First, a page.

A systemic approach to elevating teacher leadership.
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Do we know how to help teachers get better?
Addresses the question of research design for studies of professional development and suggests that some widely favored research designs might adversely affect study outcomes.
Beyond hammers versus hugs: Leveraging educator evaluation and professional learning communities into job-embedded professional development
Educational evaluation (Ed Eval) and professional learning communities (PLCs) are two of the nation’s most predominant approaches to widespread instructional improvement. Yet key attributes of these reform initiatives are too often experienced by teachers as burdensome, or even detrimental, rather than helpful. The authors of this article contend that school leaders will be more successful in their school improvement efforts when they integrate the most promising elements of PLCs (disciplined collaboration, deprivatization of practice, and classroom-based assessment) and Ed Eval (use of professional performance standards, observation and feedback, and a focus on results) into a tiered system of job-embedded professional development.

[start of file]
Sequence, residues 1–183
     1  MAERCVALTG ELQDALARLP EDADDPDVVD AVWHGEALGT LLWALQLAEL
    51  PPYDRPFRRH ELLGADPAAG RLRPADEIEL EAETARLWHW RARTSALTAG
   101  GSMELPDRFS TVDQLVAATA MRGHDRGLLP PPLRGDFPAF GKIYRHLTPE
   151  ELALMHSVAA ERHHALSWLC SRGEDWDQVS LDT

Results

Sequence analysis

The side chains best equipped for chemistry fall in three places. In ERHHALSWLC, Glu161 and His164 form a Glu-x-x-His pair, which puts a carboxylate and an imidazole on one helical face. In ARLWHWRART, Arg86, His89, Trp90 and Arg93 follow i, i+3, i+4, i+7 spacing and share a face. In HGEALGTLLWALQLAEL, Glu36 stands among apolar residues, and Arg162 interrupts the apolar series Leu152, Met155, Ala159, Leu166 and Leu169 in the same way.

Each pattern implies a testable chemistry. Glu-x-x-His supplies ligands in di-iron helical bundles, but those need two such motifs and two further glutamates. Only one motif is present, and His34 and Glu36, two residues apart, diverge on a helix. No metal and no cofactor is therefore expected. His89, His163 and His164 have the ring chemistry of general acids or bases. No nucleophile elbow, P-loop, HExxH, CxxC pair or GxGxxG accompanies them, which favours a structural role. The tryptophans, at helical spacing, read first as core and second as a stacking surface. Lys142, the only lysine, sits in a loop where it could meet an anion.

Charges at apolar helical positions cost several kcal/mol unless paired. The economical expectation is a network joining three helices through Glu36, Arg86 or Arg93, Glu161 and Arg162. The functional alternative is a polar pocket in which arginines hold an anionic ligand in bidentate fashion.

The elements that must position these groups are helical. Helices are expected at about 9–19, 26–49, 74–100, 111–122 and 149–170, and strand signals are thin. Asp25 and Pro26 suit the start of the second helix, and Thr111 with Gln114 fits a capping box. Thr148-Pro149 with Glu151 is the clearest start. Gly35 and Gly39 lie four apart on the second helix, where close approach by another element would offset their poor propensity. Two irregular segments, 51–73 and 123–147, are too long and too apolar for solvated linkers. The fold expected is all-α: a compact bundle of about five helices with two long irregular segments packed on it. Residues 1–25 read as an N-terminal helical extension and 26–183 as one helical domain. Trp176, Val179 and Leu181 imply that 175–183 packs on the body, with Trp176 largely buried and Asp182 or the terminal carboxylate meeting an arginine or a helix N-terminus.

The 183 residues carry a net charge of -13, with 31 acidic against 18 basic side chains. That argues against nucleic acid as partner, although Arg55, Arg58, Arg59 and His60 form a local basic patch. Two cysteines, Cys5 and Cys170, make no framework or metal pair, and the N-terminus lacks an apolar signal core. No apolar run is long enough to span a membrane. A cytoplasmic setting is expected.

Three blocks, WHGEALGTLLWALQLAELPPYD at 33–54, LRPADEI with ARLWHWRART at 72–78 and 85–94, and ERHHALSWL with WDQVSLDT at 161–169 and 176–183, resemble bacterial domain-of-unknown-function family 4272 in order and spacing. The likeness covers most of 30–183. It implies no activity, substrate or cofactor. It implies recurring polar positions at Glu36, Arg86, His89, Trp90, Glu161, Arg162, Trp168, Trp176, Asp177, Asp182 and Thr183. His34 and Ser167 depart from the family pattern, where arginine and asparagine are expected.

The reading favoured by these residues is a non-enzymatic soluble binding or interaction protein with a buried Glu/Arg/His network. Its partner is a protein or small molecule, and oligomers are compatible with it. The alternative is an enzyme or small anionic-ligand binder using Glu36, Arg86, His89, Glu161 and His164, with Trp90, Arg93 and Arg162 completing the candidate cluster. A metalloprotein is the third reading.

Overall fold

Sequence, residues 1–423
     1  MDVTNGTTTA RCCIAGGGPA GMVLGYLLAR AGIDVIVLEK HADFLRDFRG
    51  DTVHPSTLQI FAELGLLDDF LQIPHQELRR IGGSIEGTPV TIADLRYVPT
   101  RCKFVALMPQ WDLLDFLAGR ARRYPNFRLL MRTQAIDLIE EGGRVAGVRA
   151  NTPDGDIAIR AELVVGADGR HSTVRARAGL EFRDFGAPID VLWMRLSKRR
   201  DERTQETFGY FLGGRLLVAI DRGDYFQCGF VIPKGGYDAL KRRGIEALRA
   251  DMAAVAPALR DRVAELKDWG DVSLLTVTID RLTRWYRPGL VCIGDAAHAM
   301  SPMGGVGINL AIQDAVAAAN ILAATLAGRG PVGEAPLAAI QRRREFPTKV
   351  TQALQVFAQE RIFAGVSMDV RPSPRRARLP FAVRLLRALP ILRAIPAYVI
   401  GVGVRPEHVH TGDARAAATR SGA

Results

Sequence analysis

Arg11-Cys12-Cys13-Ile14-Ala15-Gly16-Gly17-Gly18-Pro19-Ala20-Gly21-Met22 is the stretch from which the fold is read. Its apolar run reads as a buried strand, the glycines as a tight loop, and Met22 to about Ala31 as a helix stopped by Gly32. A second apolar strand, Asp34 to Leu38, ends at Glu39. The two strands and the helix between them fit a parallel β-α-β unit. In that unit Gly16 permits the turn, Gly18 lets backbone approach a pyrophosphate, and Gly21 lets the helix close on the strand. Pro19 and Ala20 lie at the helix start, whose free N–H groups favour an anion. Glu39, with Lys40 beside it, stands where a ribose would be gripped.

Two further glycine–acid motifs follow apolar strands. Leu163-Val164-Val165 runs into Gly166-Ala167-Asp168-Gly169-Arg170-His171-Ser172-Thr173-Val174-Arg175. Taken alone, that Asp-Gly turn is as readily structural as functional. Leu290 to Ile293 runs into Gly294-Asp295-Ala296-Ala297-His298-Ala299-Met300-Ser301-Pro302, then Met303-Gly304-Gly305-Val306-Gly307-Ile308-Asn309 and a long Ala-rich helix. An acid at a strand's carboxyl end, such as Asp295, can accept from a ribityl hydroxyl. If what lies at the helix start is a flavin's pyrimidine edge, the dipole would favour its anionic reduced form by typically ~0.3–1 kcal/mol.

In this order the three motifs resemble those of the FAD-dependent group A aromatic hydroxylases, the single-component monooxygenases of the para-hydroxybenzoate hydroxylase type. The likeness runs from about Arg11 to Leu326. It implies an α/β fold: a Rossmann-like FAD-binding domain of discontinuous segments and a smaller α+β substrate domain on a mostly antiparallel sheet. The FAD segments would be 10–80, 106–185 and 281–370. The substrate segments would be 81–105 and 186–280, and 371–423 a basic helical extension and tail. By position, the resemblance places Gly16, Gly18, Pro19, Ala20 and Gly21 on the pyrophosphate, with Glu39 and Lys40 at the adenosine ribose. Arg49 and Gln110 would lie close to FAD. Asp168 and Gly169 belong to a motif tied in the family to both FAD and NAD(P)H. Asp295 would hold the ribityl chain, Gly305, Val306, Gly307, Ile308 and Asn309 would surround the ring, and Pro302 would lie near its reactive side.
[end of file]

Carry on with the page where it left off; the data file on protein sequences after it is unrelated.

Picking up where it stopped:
It is not easy to implement new forms of teacher leadership meaningfully and effectively; doing so involves some profound changes to the status quo. Developing teacher leadership systems require us to rethink evaluation, compensation, distributed leadership, and even what we see as the role of teachers. Examples already have emerged, though, to show that such transformation is possible. This paper addresses what is necessary for change and how school systems might be able to achieve it.